Even today, nature makes things way simpler and way smarter than what we can do synthetically in the lab,” said Dhriti Nepal, first author and a research materials engineer at the Air Force Research Laboratory in Ohio.

University of Colorado at Boulder; Learning from pangolins and peacocks: Researchers explore next-gen structural materials
14 December 2022, Defense & Aerospace Week

Which leads to the idea of ‘bioinspired’ materials.

The researchers, who come from three countries, delve into the promise and challenges behind “bioinspired nanocomposites.” These materials mix together different kinds of proteins and other molecules at incredibly small scales to achieve properties that may not be possible with traditional metals or plastics. Researchers often design them using advanced computer simulations or models. Examples include thin films that resist wear and tear by incorporating proteins from silkworm cocoons; new kinds of laminates made from polymers and clay materials; carbon fibers produced using bioinspired principles; and panes of glass that don’t easily crack because they include nacre-the iridescent lining inside many mollusk shells.

University of Colorado at Boulder; Learning from pangolins and peacocks: Researchers explore next-gen structural materials
14 December 2022, Defense & Aerospace Week

For example, silk:

“Bioinspired based materials have elevated rapidly over the past few decades. Bio-inspired strategies entail extracting fundamental components and reassembling them into programmable biomaterials. This method may improve its processability and modifiability, allowing it to meet the biological application criteria. Silk is a desirable biosourced raw material due to its high mechanical properties, flexibility, bioactive component sequestration, controlled biodegradability, remarkable biocompatibility, and inexpensiveness. Silk regulates temporo-spatial, biochemical and biophysical reactions.”

Silk-Based Biomaterials for Designing Bioinspired Microarchitecture for Various Biomedical Applications)
15 February 2023, Biotech Week

What is being explored is how the strength properties of silk might be further exploited for various medical applications, particularly in the field of regenerative science.

Another goal? How to find harder materials for use in different applications. Enter the lowly ginkgo seed – being examined for the potential to reduce cracking of materials.

Natural structural materials typically feature complex hierarchical anisotropic architectures, resulting in excellent damage tolerance. Such highly anisotropic structures, however, also provide an easy path for crack propagation, often leading to catastrophic fracture as evidenced, for example, by wood splitting. Here, we describe the weakly anisotropic structure of Ginkgo biloba (ginkgo) seed shell, which has excellent crack resistance in different directions. Ginkgo seed shell is composed of tightly packed polygonal sclereids with cell walls in which the cellulose microfibrils are oriented in a helicoidal pattern.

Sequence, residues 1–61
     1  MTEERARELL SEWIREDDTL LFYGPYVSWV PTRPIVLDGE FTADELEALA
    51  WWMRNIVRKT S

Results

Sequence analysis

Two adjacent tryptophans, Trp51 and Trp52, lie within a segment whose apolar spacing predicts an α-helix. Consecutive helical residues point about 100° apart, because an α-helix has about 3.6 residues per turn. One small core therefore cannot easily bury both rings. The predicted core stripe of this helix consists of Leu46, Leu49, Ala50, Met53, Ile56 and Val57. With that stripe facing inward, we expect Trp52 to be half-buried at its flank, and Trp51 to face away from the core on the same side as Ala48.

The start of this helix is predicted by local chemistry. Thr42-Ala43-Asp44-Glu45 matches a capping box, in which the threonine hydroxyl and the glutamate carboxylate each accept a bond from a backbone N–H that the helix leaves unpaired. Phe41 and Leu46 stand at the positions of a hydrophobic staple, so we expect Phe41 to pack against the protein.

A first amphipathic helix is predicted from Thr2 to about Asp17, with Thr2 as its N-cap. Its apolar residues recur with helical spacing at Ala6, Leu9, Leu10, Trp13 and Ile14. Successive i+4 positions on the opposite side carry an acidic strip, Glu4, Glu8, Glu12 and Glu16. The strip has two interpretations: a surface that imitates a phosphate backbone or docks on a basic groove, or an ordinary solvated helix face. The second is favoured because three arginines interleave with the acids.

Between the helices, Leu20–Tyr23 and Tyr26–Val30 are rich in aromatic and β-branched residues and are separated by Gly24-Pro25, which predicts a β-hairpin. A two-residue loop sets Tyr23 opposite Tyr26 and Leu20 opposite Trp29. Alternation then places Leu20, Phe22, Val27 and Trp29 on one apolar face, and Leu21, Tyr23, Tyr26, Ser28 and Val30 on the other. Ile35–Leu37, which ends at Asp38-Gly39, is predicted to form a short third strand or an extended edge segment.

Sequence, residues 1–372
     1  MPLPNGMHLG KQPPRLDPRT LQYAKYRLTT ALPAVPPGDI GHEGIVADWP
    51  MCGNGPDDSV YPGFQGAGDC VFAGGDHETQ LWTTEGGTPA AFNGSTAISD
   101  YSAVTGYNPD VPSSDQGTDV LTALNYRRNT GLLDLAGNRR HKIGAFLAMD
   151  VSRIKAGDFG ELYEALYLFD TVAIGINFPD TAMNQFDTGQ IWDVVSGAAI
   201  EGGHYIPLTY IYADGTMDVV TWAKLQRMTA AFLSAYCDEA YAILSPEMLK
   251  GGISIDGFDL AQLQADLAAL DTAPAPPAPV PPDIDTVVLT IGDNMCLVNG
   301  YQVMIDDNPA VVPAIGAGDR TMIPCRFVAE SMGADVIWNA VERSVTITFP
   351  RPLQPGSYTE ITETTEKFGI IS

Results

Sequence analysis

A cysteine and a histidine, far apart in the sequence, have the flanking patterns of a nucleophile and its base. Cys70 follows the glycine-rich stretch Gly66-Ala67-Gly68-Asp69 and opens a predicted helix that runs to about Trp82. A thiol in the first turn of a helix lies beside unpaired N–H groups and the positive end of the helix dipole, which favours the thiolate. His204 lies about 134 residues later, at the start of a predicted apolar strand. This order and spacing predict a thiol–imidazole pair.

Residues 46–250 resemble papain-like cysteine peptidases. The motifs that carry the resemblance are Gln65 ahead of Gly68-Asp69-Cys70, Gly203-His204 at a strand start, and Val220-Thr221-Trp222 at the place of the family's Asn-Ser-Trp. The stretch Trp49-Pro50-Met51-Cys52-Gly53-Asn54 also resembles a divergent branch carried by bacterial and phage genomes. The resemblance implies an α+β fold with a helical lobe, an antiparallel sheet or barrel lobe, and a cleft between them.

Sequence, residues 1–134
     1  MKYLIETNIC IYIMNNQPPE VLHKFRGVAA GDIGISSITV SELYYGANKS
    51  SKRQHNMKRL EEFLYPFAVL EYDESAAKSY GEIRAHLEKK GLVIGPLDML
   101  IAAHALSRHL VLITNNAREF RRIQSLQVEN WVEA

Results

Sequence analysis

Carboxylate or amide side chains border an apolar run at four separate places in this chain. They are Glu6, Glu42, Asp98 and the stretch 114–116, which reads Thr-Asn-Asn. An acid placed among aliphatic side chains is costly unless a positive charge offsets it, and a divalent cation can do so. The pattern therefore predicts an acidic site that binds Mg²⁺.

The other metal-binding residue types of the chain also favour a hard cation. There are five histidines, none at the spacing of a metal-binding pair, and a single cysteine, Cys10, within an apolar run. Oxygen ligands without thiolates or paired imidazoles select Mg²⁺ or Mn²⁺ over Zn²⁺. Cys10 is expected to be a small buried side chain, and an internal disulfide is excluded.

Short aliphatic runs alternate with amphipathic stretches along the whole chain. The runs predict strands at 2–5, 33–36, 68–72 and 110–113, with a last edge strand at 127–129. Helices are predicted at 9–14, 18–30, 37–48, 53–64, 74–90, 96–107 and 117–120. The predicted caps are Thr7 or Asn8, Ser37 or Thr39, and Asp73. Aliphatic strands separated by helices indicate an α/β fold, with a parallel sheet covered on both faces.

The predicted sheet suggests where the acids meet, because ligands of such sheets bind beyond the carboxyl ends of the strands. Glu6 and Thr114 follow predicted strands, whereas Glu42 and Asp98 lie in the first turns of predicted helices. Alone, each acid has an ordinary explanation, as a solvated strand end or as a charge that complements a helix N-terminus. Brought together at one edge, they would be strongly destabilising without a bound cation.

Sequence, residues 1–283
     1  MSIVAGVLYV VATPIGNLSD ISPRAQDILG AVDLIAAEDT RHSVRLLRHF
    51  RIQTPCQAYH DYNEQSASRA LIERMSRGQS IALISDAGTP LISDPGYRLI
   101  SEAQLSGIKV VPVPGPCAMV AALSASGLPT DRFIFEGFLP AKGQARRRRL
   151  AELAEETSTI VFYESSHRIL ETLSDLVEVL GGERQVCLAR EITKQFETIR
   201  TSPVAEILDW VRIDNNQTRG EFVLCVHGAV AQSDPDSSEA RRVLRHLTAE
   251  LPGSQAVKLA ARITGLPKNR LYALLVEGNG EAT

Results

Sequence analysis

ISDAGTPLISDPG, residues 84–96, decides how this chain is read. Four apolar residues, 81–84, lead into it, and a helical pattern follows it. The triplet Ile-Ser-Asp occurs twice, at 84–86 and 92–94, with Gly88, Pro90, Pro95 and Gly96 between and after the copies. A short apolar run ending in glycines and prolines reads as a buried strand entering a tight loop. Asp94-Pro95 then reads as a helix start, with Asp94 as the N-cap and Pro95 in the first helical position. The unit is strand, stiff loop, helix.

Ginkgo seed shell provides a unique model for bioinspired design
6 December 2022, Proceedings of the National Academy of Sciences of the United States of America

And then there is the field of living biological materials science! Consider this:

How could living materials be used in a home? Consider the benefits to be gained from a chimney that heals after damage, a roof that breathes to control airflow, surfaces that don’t flake or fade, and a driveway that eats oil to clean up after spills.

Living Structural Materials Could Open New Horizons for Engineers and Architects
14 August 2016,

Or take it one step further:

The structural materials that are currently used to construct homes, buildings, and infrastructure are expensive to produce and transport, wear out due to age and damage, and have limited ability to respond to changes in their immediate surroundings.

Living biological materials—bone, skin, bark, and coral, for example—have attributes that provide advantages over the non-living materials people build with, in that they can be grown where needed, self-repair when damaged, and respond to changes in their surroundings.

The inclusion of living materials in human-built environments could offer significant benefits; however, today scientists and engineers are unable to easily control the size and shape of living materials in ways that would make them useful for construction. DARPA is launching the Engineered Living Materials (ELM) program with a goal of creating a new class of materials that combines the structural properties of traditional building materials with attributes of living systems. Living materials represent a new opportunity to leverage engineered biology to solve existing problems associated with the construction and maintenance of built environments, and to create new capabilities to craft smart infrastructure that dynamically responds to its surroundings.

The vision of the ELM program is to grow materials on demand where they are needed,” said ELM program manager Justin Gallivan. “Imagine that instead of shipping finished materials, we can ship precursors and rapidly grow them on site using local resources. And, since the materials will be alive, they will be able to respond to changes in their environment and heal themselves in response to damage.”

Living Structural Materials Could Open New Horizons for Engineers and Architects
14 August 2016,

Take it even further.

Scientists are making progress with three-dimensional printing of living tissues and organs, using scaffolding materials that sustain the long-term viability of the living cells. These cells are derived from existing natural tissues, however, and are not engineered to perform synthetic functions. And current cell-printing methods are too expensive to produce building materials at necessary scales.